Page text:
Investment drives circulation efforts at Inc., Fast Company

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Fast Company and Inc. have been the recipients of lavish attention since the two entrepreneur-focused magazines were acquired two years ago by mutual fund evaluator Morningstar's Joe Mansueto.

Senior editorial and advertising sales staff was added, and a move to swanky offices on the 29th floor of New York's sleek 7 World Trade Center was completed. Investments were made in both publications, including a $10 million injection into a new digital division and a new circulation strategy.

"Our strategy is of investing," said Patrick Hainault, consumer marketing director at Mansueto Ventures, corporate parent of the magazines. "Let's see if we can zig when everyone's zagging. We're not having conversations of "Let's cut 10 percent of the marketing budget,' because many folks are doing this." Inc. is a monthly with a circulation rate base of 665,000, 2.2 percent of which is newsstand sales. It targets the entrepreneur. Fast Company's newsstand penetration is the same as Inc.'s, but its rate base is higher at 725,000. The 10-times-a-year title targets the creative business class.

Both publications compete in a market where business news readership and advertising is increasingly moving online. BusinessWeek, for example, most recently moved its top print editor, John Byrne, to run its online unit, ample proof of the Web's importance.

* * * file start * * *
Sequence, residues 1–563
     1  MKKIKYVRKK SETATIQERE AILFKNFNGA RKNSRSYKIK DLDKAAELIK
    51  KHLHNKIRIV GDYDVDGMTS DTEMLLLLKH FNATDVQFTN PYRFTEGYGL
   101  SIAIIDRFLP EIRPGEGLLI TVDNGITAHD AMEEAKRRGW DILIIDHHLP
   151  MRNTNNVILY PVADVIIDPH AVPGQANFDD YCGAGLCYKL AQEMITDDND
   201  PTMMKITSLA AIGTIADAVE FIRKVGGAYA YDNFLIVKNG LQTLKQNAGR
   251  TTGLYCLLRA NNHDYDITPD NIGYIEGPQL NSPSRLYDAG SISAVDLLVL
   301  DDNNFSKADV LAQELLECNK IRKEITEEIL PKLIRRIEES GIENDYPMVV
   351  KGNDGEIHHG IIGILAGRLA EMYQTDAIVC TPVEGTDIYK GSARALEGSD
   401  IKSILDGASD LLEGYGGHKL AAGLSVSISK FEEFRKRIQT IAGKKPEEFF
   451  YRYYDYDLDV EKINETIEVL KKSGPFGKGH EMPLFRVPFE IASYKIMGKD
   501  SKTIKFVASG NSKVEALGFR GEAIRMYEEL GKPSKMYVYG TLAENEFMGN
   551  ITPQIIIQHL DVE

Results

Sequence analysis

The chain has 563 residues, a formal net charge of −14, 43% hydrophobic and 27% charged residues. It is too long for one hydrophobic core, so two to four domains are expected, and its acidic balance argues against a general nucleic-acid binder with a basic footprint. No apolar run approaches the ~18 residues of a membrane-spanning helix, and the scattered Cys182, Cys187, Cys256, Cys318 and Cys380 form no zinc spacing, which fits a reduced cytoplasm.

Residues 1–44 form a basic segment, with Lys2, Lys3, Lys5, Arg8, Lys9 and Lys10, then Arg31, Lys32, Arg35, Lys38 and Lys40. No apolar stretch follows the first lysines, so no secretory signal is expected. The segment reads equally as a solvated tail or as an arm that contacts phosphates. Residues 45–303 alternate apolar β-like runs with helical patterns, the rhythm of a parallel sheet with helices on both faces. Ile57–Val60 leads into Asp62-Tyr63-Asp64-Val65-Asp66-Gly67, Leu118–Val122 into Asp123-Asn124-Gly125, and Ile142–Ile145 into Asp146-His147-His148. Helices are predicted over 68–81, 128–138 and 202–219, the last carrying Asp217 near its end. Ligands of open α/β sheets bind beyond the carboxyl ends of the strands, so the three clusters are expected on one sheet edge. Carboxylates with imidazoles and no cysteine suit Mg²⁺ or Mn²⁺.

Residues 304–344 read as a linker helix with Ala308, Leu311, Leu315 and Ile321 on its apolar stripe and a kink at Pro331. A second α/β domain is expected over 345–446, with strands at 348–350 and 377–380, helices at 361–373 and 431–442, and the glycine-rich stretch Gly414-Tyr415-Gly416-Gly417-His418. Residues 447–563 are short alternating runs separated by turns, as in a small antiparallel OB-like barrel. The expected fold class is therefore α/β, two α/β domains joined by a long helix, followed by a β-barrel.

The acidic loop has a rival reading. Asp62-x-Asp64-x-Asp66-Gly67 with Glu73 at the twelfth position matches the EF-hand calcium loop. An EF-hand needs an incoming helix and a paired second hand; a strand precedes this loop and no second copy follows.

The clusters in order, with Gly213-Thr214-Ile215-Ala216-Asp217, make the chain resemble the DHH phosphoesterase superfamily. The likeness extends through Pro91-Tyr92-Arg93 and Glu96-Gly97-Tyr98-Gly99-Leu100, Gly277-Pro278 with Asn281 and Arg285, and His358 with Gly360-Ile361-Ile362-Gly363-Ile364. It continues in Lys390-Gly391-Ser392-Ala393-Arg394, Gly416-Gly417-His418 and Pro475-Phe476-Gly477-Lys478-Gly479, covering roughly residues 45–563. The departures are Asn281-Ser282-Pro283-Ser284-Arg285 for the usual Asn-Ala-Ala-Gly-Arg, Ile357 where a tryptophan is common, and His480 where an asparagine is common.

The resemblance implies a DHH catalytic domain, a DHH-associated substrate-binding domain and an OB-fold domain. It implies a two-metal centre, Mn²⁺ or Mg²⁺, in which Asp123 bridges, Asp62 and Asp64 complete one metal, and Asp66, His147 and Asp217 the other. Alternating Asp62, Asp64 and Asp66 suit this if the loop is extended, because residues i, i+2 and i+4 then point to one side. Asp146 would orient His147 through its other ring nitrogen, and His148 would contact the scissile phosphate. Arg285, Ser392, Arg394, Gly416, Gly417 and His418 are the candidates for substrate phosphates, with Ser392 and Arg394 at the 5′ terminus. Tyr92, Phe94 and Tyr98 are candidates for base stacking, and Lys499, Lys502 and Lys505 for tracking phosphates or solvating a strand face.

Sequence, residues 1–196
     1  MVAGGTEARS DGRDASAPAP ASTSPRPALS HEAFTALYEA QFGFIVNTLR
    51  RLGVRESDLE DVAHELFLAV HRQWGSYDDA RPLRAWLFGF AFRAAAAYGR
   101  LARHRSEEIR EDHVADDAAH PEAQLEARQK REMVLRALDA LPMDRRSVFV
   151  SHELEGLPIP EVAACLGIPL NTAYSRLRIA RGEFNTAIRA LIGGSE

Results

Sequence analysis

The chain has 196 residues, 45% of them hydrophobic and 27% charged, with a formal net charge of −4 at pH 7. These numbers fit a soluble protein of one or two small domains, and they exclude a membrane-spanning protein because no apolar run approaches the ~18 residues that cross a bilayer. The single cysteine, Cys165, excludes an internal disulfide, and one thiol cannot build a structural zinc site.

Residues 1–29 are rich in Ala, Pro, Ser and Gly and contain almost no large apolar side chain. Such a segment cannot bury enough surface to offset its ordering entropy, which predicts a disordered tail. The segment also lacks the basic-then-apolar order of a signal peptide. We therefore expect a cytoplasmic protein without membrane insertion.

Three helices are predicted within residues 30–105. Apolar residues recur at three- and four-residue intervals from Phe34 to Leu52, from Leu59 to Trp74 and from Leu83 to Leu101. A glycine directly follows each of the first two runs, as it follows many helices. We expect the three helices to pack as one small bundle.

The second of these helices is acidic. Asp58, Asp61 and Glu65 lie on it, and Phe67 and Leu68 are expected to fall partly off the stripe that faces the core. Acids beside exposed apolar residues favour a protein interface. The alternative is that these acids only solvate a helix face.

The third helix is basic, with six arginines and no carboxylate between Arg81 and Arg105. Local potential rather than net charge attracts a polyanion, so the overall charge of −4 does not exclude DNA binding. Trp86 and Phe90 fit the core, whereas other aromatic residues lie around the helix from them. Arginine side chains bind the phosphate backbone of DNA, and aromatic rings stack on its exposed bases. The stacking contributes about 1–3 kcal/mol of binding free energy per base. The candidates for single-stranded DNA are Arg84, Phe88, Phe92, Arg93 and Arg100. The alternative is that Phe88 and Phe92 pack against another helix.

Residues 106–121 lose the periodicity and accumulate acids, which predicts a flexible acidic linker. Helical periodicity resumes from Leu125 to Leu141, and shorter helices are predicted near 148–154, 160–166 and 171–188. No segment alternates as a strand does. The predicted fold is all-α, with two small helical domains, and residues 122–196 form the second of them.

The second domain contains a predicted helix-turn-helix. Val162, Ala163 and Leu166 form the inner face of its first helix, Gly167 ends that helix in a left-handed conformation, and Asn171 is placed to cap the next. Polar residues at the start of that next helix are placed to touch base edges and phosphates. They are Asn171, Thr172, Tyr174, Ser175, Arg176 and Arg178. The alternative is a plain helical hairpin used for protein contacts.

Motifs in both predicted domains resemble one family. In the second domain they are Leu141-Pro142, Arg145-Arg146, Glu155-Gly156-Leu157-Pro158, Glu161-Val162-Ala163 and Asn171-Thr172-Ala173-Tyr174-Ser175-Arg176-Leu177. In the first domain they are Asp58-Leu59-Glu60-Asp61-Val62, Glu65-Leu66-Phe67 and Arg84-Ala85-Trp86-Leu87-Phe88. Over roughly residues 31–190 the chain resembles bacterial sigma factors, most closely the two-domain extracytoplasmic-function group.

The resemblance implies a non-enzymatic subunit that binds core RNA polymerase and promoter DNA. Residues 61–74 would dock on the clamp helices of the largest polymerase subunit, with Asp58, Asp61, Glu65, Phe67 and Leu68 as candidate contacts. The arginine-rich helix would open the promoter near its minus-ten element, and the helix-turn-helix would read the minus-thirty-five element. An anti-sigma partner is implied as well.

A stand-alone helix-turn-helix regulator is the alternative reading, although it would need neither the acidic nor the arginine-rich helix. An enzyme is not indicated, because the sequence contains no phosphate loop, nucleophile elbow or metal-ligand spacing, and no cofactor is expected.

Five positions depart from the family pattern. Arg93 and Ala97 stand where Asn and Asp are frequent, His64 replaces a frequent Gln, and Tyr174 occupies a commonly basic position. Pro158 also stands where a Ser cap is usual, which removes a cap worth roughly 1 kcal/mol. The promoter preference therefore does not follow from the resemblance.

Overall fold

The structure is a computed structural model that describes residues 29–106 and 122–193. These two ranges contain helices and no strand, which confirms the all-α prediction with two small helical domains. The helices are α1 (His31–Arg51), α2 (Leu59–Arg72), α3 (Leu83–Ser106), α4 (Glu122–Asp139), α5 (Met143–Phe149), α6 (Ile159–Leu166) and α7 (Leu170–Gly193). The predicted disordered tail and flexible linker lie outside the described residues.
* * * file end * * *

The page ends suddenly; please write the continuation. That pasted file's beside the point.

Even a startup like the Condé Nast Portfolio business magazine - launched earlier this year with a 350,000 rate base for its September issue - has a Web site worth book-marking for its news content and features.

Thus, it becomes imperative for Mansueto to fine-tune its circulation strategy to make sure Inc. and Fast Company maintain their positions in the marketplace. Mr. Hainault knows he has his work cut out.

Straighten up, mail right

Start with newsstand. The company expanded footprint in places where distribution mattered as opposed to a scattershot approach. Drugstores don't work. But, as early experience has borne out, Staples, CompUSA and Office Depot do.

There's an ongoing test at Costco, whose results are expected sometime this summer. Inc. has gained public-place distribution, particularly barber shops and family doctors where men go.